The rest of this "solution" as presented here is very far-fetched.
In particular, the story of Elgar attaching numbers to the keys of the piano and getting his friend to play the theme is revealing. The friend was an engineer but tone-deaf. If the theme was in fact based on Pi, then he as an engineer would have spotted it. If the theme was a popular tune, then being tone-deaf, he would not have recognised it, which is the normal interpretation.
The other clues, such as four and twenty blackbirds, are so vague as to be meaningless.
"The drop of a seventh should be noted". And yes it does happen at note 11. But that only gives us 7th @ 11. There's another 7th @ 13. Getting from these to 22/7 is rather contrived.
Saying that Dora of all people should have solved it is not really explained by the fact that Elgar frequently wrote to her in ciphers. Because the proposed solution is not a cipher at all.
So no, I don't buy it.
dnlsanta Posted Jun 15, 2007
Thank you for your comments, I really do appreciate them.
Why do you not consider the solution to be a cipher?
Elgar, in 1929, directed attention to the drop of the seventh in bars 3 and 4, which shows that he intended that 2 7ths to be part of the solution. 2/7 x 11 = 22/7. What other solution addresses the drop of the seventh?
Why do you not think that "The Four and twenty Blackbirds baked in a Pi" is a direct reference to "Pi"?
Elgar signed two letters to Dora with the opening notes to his Enigma, the 3-1-4-2 cipher, and then told her he thought she, of all people, would have guessed it. Don't you think that is a pretty big hint to Dora, of all people?
Gnomon - time to move on Posted Jun 16, 2007
>>Why do you not think that "The Four and twenty Blackbirds baked in a Pi" is a direct reference to "Pi"?
Because there is mention of four and twenty blackbirds.
>>Elgar signed two letters to Dora with the opening notes to his Enigma, the 3-1-4-2 cipher, and then told her he thought she, of all people, would have guessed it. Don't you think that is a pretty big hint to Dora, of all people?
He signed it with the notes of the Enigma, but everybody considering the problem knew the notes of the Enigma, so he hadn't in this way given Dora an extra clue. If "she of all people should have guessed it", there must be some other reason.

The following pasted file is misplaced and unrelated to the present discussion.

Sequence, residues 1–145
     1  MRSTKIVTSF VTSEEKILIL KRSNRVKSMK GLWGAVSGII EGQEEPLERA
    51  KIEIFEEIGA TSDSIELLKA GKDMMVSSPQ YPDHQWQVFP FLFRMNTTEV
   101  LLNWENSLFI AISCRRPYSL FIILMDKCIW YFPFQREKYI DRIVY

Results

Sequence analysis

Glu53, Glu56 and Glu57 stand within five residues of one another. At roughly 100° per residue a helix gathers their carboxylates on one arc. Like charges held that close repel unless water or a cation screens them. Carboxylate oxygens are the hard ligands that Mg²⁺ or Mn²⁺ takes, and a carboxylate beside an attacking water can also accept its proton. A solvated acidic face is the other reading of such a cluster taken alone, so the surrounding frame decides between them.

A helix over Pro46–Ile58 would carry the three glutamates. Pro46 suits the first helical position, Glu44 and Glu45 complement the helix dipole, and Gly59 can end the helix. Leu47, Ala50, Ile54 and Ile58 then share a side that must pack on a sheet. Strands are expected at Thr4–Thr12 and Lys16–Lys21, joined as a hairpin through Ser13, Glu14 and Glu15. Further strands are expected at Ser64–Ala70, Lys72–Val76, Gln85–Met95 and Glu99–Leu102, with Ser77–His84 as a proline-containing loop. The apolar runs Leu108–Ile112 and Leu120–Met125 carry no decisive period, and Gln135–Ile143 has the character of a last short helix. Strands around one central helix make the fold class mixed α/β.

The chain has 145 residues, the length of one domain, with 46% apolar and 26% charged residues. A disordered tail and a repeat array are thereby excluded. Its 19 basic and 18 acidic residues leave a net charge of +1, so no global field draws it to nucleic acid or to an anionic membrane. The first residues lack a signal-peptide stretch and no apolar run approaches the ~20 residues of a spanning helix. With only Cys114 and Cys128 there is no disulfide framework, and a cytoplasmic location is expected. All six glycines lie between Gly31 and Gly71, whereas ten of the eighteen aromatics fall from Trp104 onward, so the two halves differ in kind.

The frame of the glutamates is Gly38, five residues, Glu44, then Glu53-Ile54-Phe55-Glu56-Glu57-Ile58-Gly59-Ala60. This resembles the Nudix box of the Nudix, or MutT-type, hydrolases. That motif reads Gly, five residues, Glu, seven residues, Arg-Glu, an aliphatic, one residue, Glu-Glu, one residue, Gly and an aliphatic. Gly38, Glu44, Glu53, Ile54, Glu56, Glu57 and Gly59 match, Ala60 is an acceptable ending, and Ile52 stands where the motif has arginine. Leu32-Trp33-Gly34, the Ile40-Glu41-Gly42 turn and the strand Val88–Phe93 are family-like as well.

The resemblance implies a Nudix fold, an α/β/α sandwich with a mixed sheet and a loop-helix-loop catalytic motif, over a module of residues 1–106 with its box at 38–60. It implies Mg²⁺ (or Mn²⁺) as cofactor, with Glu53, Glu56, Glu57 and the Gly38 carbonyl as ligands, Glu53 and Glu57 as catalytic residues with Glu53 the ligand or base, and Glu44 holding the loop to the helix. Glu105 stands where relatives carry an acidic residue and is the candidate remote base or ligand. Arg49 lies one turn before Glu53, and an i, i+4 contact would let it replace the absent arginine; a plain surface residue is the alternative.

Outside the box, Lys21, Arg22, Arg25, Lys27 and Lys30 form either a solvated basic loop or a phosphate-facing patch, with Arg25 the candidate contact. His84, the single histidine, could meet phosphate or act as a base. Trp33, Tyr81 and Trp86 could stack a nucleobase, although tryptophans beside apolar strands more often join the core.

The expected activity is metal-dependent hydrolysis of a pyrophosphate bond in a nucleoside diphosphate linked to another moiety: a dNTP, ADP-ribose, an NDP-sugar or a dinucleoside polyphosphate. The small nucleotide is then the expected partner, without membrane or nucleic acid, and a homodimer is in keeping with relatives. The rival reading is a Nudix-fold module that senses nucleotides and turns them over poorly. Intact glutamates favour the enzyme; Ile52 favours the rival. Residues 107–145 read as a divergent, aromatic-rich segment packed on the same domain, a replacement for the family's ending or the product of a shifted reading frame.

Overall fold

dnlsanta Posted Jun 18, 2007
Could the reference to BLACKbirds be the dark in "Dark saying?"
Gnomon - time to move on Posted Jun 18, 2007
Not likely. There's no direct link between "Dark Saying" and "Pi". You've speculated that:
Dark Saying could mean Black
Black could be short for Blackbird
Blackbird could refer to the common nursery rhyme "Four and Twenty Blackbirds baked in a pie"
and pie could be Pi.
That's just too many steps to make a reasonable connection.
dnlsanta Posted Jun 19, 2007
Thanks for your explanation.
Can you explain how the van Houten theory ties into "the drop of the seventh in bars 3 and 4", which Elgar hinted at in 1929?
Gnomon - time to move on Posted Jun 19, 2007
No I can't. I'd never heard of Elgar pointing them out, until you mentioned it.
dnlsanta Posted Jun 20, 2007
I meant to tell you that your initial posting was quite well written.
The criteria of the "drop of a seventh" is discussed on page 67 in Julian Rushton's 1999 book entitled, "Elgar: Enigma Variations."
He states that it is one of five criteria that must be satisfied by the correct solution of the Enigma. The other four are also covered in my intial posting.
Do you have any ideas about how I might get my theory reviewed by a larger audience. I would sure benefit from feedback from as many people as possible to help me in further research. Two heads are better than one.
Gnomon - time to move on Posted Jun 20, 2007
There is an Elgar society, but in general they are not interested in proposed solutions. They decided long ago that there is not enough information available to solve the puzzle, so any proposed solutions are just speculation.
Let's look at your first posting in detail.
1st Paragraph - OK, except that one of the friends is sometimes disputed.
- "he could have written "to my circle of friends", but he didn't, so it's false logic to link the dedication to Pi.
- 3.142 is only Pi to 3 decimal places. The third digit after the decimal point is actually 1, as Elgar would have known.
- "When the first four numbers 3-1-4-2 are played on a musical scale with 1 being the root, 3 being the third, etc" -- only when you treat is as a minor scale. The Enigma theme is in a minor key.
- "We here the opening Theme of his Enigma Variations" - no, we hear the first four notes of the theme. Since Pi is much longer than 4 digits, it is
surprising Elgar didn't use more of it in his theme.
The story of Elgar getting his friend to play a tune appears to have been garbled, and I in my comments earlier misremembered it. It was a friend, (Troyte Griffith), not a student. Elgar says:
"I marked with sticky paper certain keys on the piano, and on each paper I put a number, showing the sequence in which they were to be played. I asked Troyete to play in the order they were marked. WHen he had finished, I removed the sticky paper and tol him, 'Troyte, you now know the Enigma!'
To me this suggest that "the Enigma" is a tune. Certainly, if it is a number, then this story makes no sense, as the numbers on the sticky paper were 1, 2, 3, 4, etc. showing the order to play the notes, not their position in the scale.